Singapore is prepared to work with other signatories of the United Nations’ Convention on the Law of the Sea (UNCLOS) to decide on the appropriate course of action regarding its ongoing maritime dispute with Malaysia.
In its press release on Thursday (13 Dec), Singapore’s Ministry of Foreign Affairs said that while “Singapore believes that maritime boundary delimitation disputes are best resolved through negotiations”, it is “prepared to settle such a dispute by recourse to an appropriate international third party dispute settlement procedure, on terms mutually agreed to by the parties.”
Consequently, Singapore has filed a declaration under Article 298(1)(a) of the United Nations Convention on the Law of the Sea (UNCLOS) on Wednesday (12 Dec).
The declaration, said the Ministry, was filed to prevent any one party -be it Singapore or “other States Parties” that are also signatories to the UNCLOS – from unilaterally resorting to arbitration or adjudication over such maritime disputes.
“Many States Parties to UNCLOS such as France, Canada, Italy, Spain, Australia and Thailand have made similar declarations,” added MFA.
The Ministry also declared that “Singapore has informed Malaysia that Singapore has filed this declaration”.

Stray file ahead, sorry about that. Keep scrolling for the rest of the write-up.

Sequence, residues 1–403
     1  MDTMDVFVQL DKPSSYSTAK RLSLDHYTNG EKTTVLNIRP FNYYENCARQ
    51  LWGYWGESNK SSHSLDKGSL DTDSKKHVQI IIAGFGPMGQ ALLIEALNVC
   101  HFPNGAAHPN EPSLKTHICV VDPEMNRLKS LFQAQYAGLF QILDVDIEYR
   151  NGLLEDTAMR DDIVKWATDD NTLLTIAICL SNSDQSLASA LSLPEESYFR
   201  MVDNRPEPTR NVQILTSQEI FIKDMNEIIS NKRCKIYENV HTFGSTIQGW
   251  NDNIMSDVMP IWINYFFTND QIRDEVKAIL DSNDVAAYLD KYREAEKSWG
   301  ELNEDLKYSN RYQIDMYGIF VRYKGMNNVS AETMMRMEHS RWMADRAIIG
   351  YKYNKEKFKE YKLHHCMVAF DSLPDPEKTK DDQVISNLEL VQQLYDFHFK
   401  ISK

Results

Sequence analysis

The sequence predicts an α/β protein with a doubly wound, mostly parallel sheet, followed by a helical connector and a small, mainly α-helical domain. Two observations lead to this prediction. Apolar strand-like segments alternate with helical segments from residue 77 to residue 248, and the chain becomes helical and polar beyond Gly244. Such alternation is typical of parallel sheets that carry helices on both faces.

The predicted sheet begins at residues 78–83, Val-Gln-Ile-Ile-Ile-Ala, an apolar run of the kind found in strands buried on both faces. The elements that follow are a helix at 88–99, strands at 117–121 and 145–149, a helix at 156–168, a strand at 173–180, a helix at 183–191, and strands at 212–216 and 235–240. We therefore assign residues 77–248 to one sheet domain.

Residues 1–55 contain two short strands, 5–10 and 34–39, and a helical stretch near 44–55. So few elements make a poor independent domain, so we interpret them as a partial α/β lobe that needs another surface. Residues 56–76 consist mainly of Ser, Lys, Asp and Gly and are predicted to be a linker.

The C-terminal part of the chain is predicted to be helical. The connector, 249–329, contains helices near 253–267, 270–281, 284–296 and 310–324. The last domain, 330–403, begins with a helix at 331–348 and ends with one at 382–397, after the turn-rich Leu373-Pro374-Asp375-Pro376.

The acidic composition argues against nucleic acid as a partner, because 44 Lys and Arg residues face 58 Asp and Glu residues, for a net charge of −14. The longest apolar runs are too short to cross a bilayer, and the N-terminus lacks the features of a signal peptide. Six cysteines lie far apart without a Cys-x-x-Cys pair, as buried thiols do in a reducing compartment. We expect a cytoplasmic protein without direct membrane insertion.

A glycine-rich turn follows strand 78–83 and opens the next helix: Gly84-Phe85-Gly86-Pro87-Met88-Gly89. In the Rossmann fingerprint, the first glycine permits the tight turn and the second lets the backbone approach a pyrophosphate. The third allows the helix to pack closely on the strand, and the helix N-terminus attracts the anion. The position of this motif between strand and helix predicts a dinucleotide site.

Reiterating its statement on 10 Dec, MFA also said that “representatives of Singapore and Malaysia will be meeting in the second week of January 2019 to discuss and exchange views on the Johor Bahru port limits issue.”
“Singapore hopes that by engaging each other, the two governments will reach a swift and amicable resolution, in accordance with international law,” said MFA, adding that the Republic “will continue to uphold international law and remains committed to the peaceful settlement of disputes in accordance with international law”.
The ongoing maritime dispute is not the first instance in which Singapore and Malaysia have taken into consideration third-party dispute resolution at the international level.
Fifteen years ago in 2003, both nations signed a bilateral agreement to have the question of sovereignty over Pedra Branca – or Pulau Batu Puteh as it was called on the Malaysian side – be decided at the International Court of Justice (ICJ). Five years later, ICJ ruled that Singapore has sovereignty over Pedra Branca.